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The personal network of relationships is structured in circles of friendships, that go from the most intense relationships to the least intense ones. While this is a well established result, little is known about the stability of those circles and their evolution in time. To shed light on this issue, we study the temporal evolution of friendships among teenagers during two consecutive academic years by means of a survey administered on five occasions. We show that the first two circles, best friends and friends, can be clearly observed in the survey but also that being in one or the other leads to more or less stable relationships. We find that being in the same class is one of the key drivers of friendship evolution. We also observe an almost constant degree of reciprocity in the relationships, around 60%, a percentage influenced both by being in the same class and by gender homophily. Not only do our results confirm the mounting evidence supporting the circle structure of human social networks, but they also show that these structures persist in time despite the turnover of individual relationships-a fact that may prove particularly useful for understanding the social environment in middle schools.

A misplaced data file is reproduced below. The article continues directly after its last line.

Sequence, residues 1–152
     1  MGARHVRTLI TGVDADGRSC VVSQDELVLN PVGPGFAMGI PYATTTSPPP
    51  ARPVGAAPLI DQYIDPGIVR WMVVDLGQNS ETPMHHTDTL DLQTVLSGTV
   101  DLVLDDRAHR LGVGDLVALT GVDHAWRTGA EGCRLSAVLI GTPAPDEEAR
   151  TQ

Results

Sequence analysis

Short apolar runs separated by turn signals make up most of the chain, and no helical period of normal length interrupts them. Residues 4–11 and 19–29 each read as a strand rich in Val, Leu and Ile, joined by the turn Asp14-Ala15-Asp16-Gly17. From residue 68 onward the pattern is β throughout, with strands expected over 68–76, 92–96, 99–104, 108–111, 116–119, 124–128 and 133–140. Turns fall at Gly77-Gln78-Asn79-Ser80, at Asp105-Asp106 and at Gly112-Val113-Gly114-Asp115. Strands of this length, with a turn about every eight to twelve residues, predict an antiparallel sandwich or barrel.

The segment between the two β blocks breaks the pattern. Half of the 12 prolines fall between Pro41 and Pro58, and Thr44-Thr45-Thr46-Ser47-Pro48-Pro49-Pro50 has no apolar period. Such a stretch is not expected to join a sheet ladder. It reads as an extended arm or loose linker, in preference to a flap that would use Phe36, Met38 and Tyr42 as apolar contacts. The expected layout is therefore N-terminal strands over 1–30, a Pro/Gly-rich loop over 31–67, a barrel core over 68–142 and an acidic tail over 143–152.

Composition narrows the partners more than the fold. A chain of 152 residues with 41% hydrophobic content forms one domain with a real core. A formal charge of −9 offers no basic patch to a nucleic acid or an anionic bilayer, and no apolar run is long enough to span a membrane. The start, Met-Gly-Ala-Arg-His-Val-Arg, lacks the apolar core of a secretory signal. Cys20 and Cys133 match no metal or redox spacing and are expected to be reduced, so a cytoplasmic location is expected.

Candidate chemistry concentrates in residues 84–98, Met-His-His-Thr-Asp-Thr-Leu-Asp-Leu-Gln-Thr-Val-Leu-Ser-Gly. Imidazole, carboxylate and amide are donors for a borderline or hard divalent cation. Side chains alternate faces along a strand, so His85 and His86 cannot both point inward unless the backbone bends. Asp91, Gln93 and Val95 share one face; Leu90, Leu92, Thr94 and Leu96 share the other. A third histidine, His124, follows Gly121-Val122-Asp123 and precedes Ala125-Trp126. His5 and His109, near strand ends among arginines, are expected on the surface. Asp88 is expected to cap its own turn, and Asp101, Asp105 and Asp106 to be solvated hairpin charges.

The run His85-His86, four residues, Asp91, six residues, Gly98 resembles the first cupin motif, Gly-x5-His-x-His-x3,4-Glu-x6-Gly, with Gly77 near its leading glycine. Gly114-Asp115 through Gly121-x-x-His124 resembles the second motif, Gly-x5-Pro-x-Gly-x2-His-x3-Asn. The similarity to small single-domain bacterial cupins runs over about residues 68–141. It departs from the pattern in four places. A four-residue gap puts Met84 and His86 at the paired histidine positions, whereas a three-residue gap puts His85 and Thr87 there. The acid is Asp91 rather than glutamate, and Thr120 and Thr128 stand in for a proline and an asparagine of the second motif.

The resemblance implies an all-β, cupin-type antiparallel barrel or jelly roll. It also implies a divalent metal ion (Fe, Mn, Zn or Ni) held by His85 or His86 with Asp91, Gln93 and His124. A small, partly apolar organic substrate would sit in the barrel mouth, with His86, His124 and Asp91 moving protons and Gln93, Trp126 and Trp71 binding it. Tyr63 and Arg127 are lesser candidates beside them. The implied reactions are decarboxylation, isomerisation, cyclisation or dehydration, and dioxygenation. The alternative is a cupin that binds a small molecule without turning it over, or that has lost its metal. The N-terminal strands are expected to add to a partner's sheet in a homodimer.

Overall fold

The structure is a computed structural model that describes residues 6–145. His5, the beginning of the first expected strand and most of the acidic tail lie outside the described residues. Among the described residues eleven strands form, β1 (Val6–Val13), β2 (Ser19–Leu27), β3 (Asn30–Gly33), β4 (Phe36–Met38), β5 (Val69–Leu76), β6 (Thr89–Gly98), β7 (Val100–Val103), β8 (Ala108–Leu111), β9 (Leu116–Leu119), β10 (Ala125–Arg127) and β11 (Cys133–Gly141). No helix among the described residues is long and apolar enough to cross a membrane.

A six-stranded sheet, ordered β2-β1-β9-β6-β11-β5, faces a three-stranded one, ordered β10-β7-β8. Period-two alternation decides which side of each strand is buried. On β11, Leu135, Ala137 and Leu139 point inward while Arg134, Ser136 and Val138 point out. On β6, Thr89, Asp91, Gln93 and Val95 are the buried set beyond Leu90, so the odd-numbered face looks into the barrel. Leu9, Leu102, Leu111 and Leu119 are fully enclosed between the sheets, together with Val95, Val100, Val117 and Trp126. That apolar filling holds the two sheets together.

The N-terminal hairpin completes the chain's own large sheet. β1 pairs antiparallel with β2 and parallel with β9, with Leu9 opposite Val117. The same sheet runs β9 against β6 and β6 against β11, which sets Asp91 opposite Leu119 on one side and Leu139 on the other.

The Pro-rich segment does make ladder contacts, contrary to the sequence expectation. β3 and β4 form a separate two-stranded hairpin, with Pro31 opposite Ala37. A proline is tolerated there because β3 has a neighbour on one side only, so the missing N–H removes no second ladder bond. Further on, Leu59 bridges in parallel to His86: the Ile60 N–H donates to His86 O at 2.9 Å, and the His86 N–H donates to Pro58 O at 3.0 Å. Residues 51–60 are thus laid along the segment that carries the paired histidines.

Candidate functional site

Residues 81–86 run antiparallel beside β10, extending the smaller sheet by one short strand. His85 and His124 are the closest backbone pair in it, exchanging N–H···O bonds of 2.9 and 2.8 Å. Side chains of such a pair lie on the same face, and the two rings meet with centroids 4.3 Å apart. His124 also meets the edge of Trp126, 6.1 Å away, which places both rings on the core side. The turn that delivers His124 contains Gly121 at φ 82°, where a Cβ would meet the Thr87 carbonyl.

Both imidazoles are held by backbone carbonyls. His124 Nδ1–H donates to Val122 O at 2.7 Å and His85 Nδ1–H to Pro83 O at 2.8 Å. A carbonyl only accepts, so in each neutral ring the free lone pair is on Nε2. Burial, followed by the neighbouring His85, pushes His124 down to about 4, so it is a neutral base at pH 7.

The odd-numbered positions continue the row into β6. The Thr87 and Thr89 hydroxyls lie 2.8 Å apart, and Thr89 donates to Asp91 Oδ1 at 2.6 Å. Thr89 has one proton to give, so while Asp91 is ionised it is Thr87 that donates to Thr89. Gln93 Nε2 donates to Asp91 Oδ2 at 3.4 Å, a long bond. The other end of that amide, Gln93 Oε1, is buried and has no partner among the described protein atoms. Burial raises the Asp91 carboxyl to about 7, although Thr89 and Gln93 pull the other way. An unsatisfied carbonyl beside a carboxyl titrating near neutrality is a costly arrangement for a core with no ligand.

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Adolescent, Humans, Longitudinal Studies, Friends, Lewis Blood Group Antigens, Schools, Students